Democratic reforms and global status
ByLouay Bahry
Pages 25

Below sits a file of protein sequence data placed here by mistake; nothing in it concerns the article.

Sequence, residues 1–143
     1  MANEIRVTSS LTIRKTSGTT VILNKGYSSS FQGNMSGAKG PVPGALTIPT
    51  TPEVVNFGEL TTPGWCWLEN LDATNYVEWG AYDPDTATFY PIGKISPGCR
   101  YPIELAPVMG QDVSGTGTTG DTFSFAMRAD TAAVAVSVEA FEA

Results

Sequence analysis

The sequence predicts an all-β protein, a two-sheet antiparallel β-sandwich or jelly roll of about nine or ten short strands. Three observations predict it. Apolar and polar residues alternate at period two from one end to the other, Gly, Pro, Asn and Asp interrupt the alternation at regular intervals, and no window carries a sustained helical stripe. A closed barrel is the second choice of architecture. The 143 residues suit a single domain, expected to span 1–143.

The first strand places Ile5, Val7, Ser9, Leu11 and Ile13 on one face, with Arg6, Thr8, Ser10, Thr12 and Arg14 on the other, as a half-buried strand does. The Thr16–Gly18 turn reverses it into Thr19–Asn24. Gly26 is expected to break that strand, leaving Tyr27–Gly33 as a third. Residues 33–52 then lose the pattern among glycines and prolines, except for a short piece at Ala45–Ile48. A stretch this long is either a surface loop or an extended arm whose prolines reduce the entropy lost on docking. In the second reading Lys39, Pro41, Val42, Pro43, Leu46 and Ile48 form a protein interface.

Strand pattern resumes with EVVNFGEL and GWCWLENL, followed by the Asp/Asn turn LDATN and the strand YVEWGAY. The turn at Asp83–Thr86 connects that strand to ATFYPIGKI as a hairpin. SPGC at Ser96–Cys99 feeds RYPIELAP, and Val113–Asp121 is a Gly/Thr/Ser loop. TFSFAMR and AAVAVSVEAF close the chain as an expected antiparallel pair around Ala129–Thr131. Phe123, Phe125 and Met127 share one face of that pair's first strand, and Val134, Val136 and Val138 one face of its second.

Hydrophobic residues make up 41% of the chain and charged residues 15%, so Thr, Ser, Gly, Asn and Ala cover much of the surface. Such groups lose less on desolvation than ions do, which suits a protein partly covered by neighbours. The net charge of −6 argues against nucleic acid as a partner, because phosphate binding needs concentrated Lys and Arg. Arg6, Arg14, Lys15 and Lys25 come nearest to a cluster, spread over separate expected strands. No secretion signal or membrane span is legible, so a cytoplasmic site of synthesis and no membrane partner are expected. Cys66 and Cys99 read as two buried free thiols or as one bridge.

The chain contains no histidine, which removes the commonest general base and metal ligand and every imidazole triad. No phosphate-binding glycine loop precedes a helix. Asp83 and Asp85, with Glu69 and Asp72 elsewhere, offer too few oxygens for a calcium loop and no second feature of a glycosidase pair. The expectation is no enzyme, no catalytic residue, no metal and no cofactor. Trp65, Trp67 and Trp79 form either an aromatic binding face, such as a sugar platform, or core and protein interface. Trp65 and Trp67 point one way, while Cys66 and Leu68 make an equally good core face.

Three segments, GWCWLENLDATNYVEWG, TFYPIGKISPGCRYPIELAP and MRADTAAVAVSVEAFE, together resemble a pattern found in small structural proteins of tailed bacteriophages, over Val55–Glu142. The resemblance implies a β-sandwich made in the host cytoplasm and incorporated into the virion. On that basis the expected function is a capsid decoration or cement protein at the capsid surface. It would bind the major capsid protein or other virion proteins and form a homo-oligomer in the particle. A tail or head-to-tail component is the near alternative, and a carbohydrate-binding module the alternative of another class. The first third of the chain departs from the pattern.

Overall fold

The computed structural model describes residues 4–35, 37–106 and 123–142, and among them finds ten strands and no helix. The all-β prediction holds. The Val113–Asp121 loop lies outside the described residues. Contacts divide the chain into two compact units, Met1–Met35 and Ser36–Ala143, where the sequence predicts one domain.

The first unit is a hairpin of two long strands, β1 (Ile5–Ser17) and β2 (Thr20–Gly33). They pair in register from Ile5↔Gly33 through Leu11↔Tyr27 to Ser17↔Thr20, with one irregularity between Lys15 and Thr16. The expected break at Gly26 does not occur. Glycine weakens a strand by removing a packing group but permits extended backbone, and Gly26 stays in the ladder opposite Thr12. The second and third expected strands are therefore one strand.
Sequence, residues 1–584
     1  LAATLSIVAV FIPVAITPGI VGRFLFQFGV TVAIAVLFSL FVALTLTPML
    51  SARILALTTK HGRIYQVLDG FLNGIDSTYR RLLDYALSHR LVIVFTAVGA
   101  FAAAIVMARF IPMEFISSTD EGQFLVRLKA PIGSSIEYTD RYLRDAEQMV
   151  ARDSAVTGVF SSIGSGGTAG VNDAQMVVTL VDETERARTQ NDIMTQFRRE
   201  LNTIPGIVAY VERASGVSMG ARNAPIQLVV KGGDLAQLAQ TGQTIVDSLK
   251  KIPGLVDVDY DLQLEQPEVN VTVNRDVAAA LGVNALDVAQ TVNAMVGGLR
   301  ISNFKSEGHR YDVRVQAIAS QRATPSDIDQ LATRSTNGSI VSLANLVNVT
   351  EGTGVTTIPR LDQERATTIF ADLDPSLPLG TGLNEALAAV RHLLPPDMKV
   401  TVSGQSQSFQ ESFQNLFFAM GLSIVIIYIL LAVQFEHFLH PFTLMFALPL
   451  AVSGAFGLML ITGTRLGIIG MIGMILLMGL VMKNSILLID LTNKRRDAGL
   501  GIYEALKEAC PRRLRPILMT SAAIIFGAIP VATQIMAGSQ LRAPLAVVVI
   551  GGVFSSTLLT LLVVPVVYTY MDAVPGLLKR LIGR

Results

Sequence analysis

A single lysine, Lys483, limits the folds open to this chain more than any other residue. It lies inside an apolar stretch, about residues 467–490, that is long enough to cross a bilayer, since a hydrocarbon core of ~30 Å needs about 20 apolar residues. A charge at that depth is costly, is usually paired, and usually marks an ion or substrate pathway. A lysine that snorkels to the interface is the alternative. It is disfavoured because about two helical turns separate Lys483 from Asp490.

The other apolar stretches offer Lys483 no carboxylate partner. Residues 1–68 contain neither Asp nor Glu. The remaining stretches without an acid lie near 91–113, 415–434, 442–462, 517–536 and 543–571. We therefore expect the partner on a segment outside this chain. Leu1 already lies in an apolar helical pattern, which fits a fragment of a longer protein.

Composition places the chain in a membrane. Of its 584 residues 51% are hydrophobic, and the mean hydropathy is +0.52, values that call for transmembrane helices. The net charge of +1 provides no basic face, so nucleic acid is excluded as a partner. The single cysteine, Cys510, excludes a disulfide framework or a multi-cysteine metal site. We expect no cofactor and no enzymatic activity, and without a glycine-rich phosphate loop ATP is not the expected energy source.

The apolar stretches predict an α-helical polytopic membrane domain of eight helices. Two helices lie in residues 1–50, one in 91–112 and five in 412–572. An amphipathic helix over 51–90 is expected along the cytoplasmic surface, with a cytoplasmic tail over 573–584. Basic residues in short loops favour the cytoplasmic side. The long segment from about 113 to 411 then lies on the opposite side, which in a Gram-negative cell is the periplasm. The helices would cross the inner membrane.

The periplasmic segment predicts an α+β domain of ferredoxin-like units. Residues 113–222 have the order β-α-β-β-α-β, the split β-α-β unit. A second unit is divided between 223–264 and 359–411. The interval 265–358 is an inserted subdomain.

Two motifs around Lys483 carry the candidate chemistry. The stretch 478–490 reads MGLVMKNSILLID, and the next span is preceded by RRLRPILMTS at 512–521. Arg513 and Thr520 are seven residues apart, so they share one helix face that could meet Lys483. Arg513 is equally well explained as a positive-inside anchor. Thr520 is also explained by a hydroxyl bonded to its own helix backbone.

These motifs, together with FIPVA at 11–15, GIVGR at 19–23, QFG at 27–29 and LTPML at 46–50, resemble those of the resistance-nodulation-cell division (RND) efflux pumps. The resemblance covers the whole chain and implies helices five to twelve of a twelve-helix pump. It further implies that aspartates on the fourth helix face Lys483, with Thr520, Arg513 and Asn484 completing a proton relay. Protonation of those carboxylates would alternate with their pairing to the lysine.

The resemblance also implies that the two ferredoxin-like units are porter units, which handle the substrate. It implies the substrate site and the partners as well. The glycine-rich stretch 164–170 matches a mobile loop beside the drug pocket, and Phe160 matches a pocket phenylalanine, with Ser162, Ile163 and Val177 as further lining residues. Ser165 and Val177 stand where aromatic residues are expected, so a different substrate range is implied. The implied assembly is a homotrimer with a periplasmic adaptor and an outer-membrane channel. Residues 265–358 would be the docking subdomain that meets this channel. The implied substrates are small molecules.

The history of the modern state of Qatar is inextricably tied to the clan of Al Thani. The Al Thani clan moved to Qatar at the end of the seventeenth century from Najd now in Saudi Arabia. In the early 1990s the current ruler, the then Crown Prince Sheikh Hamad bin Khalifa Al Thani, began to enact his policy for the development of Qatar's oil and gas. Modern state institutions in Qatar grew only slowly under the stewardship of Sheikh Ahmad Al Thani (1960–72) mainly, as indicated, because of the need for services. The extreme teachings of Wahhabism have been considerably moderated in Qatar, particularly when compared to Saudi Arabia, which is the champion of the doctrine. Whatever the outcome of the constitution, Qatar is not likely to become a Western-style democracy. It is more likely to be something much closer to the realities of its life and social environment, something resembling a 'tribal democracy'.